Animal protection charity OneKind has welcomed the publication today (1 February 2019) of Scottish Government proposals to strengthen enforcement measures available under Scotland’s main animal welfare legislation.
In particular, OneKind welcomes the Scottish Government’s intention to increase the maximum available penalties for serious offences to a prison sentence of five years, an unlimited fine or both. The current penalties for cruelty or animal fighting are imprisonment of up to twelve months or a fine of up to £20,000 or both. These have repeatedly been shown to be inadequate, particularly as the courts are obliged to discount sentences for reasons such as an early guilty plea or a first offence, and there have been many calls for sentences that better reflect the seriousness of cruelty to animals.
OneKind strongly supports an increase in sentences to a maximum of five years, but has also pointed out the post-conviction orders, such as disqualification from keeping animals, need to be more consistently and rigorously applied by the courts.
OneKind Director Bob Elliot said:
“Recent cases in the Scottish courts show that chronic neglect and outright cruelty to animals still continues in Scotland. Sentences often involve alternatives to custody, such as community service, and that may often be appropriate, but must always be underpinned by the option of prison in the most serious cases.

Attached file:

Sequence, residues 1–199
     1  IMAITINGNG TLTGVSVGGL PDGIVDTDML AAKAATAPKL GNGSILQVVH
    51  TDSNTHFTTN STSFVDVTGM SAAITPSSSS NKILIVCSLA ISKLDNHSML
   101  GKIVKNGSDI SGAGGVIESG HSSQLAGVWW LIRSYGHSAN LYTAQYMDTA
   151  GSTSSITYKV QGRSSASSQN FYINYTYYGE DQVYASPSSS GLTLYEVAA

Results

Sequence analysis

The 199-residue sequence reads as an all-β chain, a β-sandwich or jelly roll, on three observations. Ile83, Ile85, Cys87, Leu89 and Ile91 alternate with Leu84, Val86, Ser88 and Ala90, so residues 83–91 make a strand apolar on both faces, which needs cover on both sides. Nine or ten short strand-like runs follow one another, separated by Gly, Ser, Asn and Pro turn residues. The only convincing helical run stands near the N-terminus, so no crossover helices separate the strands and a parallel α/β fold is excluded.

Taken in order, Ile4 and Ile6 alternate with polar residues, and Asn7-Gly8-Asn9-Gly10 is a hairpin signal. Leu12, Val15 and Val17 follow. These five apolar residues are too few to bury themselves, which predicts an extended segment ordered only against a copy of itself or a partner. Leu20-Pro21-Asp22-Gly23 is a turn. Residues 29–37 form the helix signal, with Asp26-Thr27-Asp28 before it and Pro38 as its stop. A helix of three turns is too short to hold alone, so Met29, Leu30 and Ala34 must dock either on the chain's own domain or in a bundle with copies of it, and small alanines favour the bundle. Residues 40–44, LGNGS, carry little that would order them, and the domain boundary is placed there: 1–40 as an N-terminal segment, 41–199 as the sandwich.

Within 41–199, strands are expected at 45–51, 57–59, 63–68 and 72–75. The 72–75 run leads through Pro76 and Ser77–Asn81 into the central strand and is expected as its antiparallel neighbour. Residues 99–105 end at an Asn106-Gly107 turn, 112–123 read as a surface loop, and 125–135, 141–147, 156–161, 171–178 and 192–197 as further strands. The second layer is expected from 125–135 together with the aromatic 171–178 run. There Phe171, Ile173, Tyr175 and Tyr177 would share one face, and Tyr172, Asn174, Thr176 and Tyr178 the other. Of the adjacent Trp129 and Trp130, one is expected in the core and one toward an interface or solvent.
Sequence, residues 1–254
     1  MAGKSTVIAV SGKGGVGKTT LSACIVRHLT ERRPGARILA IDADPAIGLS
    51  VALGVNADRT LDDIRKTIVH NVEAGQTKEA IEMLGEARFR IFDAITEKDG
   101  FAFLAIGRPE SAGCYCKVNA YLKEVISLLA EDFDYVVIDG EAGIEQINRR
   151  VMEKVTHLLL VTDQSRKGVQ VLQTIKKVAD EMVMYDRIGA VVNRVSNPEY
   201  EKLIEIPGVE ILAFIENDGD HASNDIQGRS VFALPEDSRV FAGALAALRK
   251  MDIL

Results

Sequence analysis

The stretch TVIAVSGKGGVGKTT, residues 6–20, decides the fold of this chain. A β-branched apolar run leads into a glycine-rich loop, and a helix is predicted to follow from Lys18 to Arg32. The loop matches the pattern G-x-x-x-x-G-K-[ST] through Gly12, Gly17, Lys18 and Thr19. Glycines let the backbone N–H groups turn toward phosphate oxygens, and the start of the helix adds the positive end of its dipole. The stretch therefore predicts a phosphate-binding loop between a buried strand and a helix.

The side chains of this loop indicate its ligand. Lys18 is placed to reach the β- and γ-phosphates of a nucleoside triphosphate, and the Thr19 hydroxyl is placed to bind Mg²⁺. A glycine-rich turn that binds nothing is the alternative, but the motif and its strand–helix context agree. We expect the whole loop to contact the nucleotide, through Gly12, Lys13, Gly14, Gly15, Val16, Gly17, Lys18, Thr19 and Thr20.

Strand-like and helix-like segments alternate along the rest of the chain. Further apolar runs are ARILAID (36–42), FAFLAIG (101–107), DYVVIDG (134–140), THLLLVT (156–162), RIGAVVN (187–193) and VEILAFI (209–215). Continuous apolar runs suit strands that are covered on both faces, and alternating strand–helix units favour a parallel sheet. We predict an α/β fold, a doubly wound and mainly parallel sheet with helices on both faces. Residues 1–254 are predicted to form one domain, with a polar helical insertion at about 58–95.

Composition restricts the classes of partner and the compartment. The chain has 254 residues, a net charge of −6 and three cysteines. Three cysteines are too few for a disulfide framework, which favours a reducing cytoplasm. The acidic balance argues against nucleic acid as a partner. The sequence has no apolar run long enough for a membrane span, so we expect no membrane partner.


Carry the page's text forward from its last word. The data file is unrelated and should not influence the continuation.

“We have noted that more persons appear to be receiving bans on keeping animals, but the disqualification periods vary considerably, so we believe that this should also be examined under the review of the Act.”
The Scottish Government has stated that the new tougher penalties could also apply to attacks against service animals, supporting the initiative known as ‘Finn’s Law’ after Police Dog Finn, who was stabbed in the line of duty during an attempted arrest. The subsequent court case and sentencing highlighted the very low penalties available in England for animal cruelty convictions.
Bob Elliot added:
“All animals deserve justice and that is why the penalties need to be increased across the board. In cruelty cases, of course, there is no difference between the suffering of a police dog and that of any other dog. The courts should always impose the most meaningful penalty for every offence, regardless of the status of the animal. However, society does owe a particular duty of care to service animals and for that reason we’ll be proposing that the reforms include a statutory aggravation for assaults on any animals that work for the public.”
Another proposal in the consultation relates to giving enforcement agencies such as local authorities the ability to issue a fixed penalty notice as an alternative to prosecution in court. This is thought to be suitable in cases such as, for example, failure to comply with a statutory notice to have a dog microchipped, where court action might be disproportionate.
A further change will allow arrangements to be made for the re-homing or sale of animals taken into possession by the authorities after a specified period of time, without the need for a court order. At present animals such as puppies seized from illegal breeders can remain in care for lengthy periods during a court case, when they should be re-homed as soon as possible on welfare grounds.
Notes to editor:
- OneKind is Scotland’s leading animal campaigns charity working to end cruelty to Scotland’s animals. OneKind works to expose cruelty and persecution through investigations and research covering Scotland’s wildlife, farm animals and pets. Find out more about our work at onekind.scot